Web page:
Choosing your next mattress? The most important ingredient is the foam it contains. Today, most mattress stores feature a bewildering array of foam varieties—and terms. Here’s how to decide between two contenders: latex and memory foam.
Latex comes in two basic categories—natural or not.
Synthetic or blended latex
Synthetic latex is made of petroleum-based oils and chemical additives. Some blends include a small amount of rubber. Chemicals typically added include formaldehyde and flame retardants, which have been proven dangerous to health. They increase risks of cancer, obesity, infertility, and developmental brain disorders including autism and ADHD. Some synthetic foams (with names such as “bio” or “eco” or “soy” foam) also contain plant oils.
Chemicals from these foams migrate into household air and dust, either as off-gassing vapor or in microscopic particles that puff into indoor air every time the foam is pressed by the user. Like tiny chemical sponges, the particles are absorbed into ordinary house dust. Infants and children receive the greatest exposure and carry the highest chemical load in their bodies.
Natural latex is made from rubber tree sap that is whipped into liquid foam in a centrifuge, poured into molds and steam baked. The highest-quality natural latex foam contains 95% pure rubber. Some is also certified organic. Tiny amounts of antioxidants and a few synthetic additives are added to produce natural latex foam. Chemical flame retardants are not.
Brands advertising “100% pure” or “100% natural” latex are using inaccurate language, because “100%” is an absolute term. If “100% pure” rubber sap were baked with no additional ingredients, it would turn into unusable goo that could not be processed into foam. A simple analogy would be putting “100% milk” into the oven expecting a fluffy custard to come out.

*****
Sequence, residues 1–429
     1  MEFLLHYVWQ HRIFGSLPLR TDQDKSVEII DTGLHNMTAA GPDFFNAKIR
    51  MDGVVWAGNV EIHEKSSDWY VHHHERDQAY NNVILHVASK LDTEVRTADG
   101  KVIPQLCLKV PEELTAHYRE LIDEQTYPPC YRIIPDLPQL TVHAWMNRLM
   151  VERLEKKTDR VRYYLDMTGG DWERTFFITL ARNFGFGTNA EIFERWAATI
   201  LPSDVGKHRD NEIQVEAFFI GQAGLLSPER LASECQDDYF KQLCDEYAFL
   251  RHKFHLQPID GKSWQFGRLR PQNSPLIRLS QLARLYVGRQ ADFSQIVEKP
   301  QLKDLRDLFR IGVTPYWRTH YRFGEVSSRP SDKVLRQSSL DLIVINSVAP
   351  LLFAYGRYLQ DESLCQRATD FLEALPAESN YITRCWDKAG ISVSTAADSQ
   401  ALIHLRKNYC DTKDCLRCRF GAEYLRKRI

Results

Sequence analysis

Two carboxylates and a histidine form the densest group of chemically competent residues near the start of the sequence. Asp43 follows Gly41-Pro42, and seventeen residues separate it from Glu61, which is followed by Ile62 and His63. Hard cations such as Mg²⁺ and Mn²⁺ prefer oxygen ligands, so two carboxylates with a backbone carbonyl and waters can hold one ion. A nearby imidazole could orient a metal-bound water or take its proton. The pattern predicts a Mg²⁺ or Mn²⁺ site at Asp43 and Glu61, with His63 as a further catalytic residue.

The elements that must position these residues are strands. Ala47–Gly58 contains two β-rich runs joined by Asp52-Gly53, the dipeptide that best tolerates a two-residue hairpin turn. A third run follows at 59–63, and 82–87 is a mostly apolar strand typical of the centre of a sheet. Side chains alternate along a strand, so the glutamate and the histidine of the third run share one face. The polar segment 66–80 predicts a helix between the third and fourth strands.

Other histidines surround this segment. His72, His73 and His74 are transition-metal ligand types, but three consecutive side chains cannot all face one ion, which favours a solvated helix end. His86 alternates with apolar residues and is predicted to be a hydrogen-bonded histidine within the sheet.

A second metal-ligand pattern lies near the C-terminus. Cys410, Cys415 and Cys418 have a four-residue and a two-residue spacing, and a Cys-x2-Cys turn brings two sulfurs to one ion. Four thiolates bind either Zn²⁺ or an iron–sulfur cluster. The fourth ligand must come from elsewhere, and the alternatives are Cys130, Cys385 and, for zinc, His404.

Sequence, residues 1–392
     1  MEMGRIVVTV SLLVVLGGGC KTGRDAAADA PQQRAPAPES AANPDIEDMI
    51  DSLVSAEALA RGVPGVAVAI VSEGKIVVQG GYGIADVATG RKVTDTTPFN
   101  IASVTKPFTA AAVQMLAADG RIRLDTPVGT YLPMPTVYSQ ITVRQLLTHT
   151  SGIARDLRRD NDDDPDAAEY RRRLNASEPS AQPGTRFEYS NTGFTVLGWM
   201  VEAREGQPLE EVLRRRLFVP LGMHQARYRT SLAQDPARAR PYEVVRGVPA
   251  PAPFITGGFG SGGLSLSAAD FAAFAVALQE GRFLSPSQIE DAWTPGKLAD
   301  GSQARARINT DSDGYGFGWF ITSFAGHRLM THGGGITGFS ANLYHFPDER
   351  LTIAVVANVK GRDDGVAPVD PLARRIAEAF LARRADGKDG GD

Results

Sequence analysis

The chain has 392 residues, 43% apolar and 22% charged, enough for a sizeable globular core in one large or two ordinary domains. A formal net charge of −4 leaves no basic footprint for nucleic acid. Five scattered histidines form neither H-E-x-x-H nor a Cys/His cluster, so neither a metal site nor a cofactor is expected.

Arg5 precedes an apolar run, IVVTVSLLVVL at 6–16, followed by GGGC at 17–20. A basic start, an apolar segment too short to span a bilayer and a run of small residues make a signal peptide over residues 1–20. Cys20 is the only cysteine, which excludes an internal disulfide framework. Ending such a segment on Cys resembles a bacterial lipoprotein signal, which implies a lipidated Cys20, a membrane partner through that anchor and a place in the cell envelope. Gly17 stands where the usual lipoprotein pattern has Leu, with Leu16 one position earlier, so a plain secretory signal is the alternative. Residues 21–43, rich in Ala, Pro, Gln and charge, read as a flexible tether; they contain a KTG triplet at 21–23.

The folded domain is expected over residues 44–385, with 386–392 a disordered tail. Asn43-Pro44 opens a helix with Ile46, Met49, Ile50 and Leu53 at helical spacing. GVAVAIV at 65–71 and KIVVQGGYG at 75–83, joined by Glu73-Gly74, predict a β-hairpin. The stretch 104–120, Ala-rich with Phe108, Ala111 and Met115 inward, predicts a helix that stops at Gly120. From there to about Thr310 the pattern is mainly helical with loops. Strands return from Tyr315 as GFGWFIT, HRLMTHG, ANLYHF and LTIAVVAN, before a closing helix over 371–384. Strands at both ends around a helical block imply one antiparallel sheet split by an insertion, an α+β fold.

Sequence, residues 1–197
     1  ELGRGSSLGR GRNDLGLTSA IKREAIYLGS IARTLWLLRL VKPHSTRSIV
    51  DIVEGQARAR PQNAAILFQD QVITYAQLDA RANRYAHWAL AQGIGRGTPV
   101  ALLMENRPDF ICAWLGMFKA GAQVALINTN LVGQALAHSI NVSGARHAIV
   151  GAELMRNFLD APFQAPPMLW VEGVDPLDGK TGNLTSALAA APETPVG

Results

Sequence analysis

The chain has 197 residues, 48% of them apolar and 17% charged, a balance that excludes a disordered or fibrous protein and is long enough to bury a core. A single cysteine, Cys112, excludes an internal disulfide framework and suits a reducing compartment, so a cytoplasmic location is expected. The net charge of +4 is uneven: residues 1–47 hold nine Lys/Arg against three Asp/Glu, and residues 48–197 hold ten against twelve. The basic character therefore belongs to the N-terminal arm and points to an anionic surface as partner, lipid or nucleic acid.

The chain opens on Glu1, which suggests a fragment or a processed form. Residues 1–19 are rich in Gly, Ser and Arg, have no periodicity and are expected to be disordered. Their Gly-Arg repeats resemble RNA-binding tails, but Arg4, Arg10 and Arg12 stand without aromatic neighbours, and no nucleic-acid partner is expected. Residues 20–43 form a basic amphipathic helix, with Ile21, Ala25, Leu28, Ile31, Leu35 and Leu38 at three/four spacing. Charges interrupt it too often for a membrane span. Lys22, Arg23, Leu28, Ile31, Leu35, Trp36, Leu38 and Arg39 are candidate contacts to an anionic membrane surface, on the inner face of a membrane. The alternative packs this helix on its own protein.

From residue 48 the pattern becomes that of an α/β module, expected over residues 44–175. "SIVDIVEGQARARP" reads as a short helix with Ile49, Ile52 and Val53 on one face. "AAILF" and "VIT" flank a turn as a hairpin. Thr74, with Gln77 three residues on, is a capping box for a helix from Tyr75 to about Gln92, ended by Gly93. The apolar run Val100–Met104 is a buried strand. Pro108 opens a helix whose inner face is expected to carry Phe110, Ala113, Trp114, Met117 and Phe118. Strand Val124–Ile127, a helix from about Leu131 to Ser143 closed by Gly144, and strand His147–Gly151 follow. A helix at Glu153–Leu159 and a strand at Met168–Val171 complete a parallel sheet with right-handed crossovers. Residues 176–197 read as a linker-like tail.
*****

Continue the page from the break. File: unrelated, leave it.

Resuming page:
Detecting the Difference
The best way to confirm whether natural latex is being advertised honestly is to view objective, independent certifications.
Memory foam is a type of polyurethane foam with added chemicals. Memory foam changes its shape due to a chemical reaction triggered by trapped body heat. Proprietary formulas for memory foam vary, but the action is generally the same. Heat trapped beneath the sleeper causes the foam to conform to body shape.
There is no “natural memory foam”—this misleading claim has led to disciplinary action by the FTC. The addition of some latex, scents and hydrolyzed corn protein (MSG) to a formula does not justify the false label. MSG is made by prolonged boiling of proteins in strong acid (usually hydrochloric acid) or by fermentation.
How Memory Foam Feels
The primary attraction is initial pressure relief. It’s a novel sensation to feel memory foam contouring closely to the body. Because the reaction requires trapped heat, however, every time a sleeper changes position, the memory foam must be re-heated to fully contour again. Repeated time lags for re-contouring can cause restless sleep.
Excess heat can hamper sleep as it builds up between the sleeper’s body and the memory foam. New formulas with added cooling chemicals have been developed (similar to chemicals in gel-infused foams).
Most memory foam tends to stop responding fully after a few years, and support may become uneven. Though the surface still “springs back” visually, interior foam cells may collapse and lose their capacity to support.
Odor and Toxicity
A well-known characteristic of memory foam is its acrid smell, sometimes disguised with odor-masking chemicals. This is chemical off-gassing, and is a threat to long-term health. Headaches and respiratory problems are often reported. Odorless off-gassing continues during the life of the product, even after the smell is gone.
The following chart summarizes key differences between latex and memory foam.